The 70mm program started with a few of my favorite movies: Baraka, 2001: A Space Odyssey, Vertigo, and The Sound of Music, and one not so favorite - Patton. I had to skip Lawrence of Arabia to take care of my jetlag.

Just like in Bradford, the theater has two screens, one "flat" (which isn't really flat, but slightly curved) for regular films and a deeply curved Cinerama-screen. But unlike Bradford, where you just press a button, it's a complicated and time-consuming procedure to switch between the two. I expected the 70mm films to be shown on the flat screen, but to my delight, everything was projected on the curve.
The Cinerama Theatre as seen from my hotel room.

Most of the 70mm movies looked great on the Cinerama-screen reaching all the way down to the floor, but it should be noted that even though the screen is "louvered" (made up of a number of vertical stripes), the louvers are angled incorrectly so that they do not cancel out any cross reflections. A single sheet screen would have worked better. As it looks now, you get all the disadvantages of the louvered screen but none of its benefits.

The main projection booth is quite small considering that it must hold two regular 35/70mm projectors, one digital projector and the center ("Baker") Cinerama projector. They solved it by putting the projectors on rails so that you can move one machine at a time up to the projection window. In addition, there are two more booths for the Cinerama side projectors.
Approximately 10 minutes before the intermission, 2001: A Space Odyssey was interrupted, and the house lights came on. Apparently a member of the audience had fallen ill, so an ambulance must be called. The paramedics arrived within minutes and took him to the hospital. We were told that he had been well taken care of before the show could eventually continue. Then the projectionist did something very rare and commendable. He rewound a few minutes and restarted the reel so that the audience wouldn't have to miss anything.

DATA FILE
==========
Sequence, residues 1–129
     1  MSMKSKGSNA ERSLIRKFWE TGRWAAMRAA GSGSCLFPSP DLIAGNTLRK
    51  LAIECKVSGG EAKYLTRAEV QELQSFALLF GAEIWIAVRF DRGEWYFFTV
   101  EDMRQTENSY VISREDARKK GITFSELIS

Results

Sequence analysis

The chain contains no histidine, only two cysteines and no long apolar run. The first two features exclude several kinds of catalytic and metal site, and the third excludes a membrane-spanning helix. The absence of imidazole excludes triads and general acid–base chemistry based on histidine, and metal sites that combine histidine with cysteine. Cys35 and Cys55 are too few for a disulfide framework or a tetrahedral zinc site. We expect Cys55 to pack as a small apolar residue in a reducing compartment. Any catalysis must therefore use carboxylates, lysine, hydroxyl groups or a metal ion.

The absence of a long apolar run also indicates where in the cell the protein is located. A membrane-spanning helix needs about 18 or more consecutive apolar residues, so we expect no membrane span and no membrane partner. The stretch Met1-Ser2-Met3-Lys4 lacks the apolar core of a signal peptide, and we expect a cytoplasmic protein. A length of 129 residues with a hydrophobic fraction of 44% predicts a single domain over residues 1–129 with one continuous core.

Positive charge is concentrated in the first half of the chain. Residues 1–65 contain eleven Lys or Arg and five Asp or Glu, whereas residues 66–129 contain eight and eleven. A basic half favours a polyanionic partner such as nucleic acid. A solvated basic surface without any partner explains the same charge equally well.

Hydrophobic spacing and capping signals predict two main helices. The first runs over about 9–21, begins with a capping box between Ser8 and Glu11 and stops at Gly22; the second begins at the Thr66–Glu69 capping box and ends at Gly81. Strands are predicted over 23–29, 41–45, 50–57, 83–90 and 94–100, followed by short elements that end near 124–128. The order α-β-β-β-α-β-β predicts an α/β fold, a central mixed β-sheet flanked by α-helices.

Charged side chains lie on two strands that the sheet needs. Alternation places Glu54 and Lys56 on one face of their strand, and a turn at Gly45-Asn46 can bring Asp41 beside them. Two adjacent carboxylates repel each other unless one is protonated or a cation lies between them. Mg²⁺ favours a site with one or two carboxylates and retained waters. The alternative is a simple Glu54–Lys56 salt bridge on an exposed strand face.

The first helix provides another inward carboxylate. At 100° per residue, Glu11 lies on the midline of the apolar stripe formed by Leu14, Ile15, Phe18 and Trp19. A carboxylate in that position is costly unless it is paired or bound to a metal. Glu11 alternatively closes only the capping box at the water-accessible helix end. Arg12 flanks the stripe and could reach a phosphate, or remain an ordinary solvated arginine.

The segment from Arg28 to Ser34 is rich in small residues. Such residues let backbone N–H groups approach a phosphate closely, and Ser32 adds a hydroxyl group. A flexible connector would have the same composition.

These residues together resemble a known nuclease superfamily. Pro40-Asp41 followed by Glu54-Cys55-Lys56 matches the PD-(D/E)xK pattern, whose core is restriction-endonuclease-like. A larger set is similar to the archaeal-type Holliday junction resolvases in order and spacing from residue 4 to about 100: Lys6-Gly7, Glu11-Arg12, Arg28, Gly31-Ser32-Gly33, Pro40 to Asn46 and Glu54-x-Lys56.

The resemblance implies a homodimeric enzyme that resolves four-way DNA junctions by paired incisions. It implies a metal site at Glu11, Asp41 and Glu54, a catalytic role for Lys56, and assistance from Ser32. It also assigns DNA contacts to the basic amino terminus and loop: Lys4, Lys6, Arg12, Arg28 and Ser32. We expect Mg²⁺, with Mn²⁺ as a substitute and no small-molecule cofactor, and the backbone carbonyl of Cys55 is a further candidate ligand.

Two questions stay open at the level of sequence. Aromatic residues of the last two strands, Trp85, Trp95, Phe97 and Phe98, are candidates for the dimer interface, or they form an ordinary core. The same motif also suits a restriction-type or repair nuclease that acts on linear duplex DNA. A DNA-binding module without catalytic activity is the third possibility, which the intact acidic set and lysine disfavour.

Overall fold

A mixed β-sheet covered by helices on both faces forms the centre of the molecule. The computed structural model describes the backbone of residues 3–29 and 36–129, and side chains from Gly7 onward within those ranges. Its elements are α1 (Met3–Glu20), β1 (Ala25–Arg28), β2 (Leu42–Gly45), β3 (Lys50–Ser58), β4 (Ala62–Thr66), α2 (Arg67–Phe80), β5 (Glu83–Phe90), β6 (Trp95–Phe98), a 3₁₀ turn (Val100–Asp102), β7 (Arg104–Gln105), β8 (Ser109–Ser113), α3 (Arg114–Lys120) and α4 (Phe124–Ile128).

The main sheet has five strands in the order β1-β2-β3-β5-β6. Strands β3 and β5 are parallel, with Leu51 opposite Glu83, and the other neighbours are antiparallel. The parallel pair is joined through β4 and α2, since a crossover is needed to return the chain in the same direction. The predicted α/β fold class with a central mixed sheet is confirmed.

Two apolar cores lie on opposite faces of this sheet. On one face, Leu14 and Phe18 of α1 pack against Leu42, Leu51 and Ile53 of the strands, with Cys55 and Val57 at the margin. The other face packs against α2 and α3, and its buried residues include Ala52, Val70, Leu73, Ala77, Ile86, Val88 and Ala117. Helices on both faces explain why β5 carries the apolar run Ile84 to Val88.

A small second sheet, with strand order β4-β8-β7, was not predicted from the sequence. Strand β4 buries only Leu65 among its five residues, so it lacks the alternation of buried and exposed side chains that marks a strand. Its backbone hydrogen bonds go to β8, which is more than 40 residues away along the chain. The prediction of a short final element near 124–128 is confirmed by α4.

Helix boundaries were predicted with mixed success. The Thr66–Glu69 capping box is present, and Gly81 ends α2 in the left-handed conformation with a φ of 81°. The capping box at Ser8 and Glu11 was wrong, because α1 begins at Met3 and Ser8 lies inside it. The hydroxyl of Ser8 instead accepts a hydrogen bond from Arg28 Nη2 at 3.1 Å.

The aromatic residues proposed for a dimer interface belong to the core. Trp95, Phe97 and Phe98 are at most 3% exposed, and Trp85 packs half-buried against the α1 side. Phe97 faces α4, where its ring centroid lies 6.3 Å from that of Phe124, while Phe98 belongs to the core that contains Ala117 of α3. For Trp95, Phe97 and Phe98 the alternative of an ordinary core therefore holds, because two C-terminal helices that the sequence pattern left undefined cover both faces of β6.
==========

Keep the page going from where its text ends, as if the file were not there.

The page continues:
The festival came to its conclusion with two movies in true three-projector Cinerama: How the West Was Won and This is Cinerama. To me, they were the highlight of the festival, but I regret to say that the screenings weren’t perfect. In addition to the cross reflection problem, there were some serious focusing issues with the Able and Charlie projectors. Cinerama should be razor sharp, but in this case it was not. Also, This is Cinerama had a very noisy soundtrack.

There are only three places in the world where you can see real three-projector Cinerama, and Seattle has the potential to become the very best of them. The festival deserves better than to be just a local matter for the people who live here. Like its "siblings" in Bradford and Los Angeles, the cinema should be able to attract fans from all over the world. And I think it might, with some proper marketing, associated events, and attention to the technical shortcomings.
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Updated 21-01-24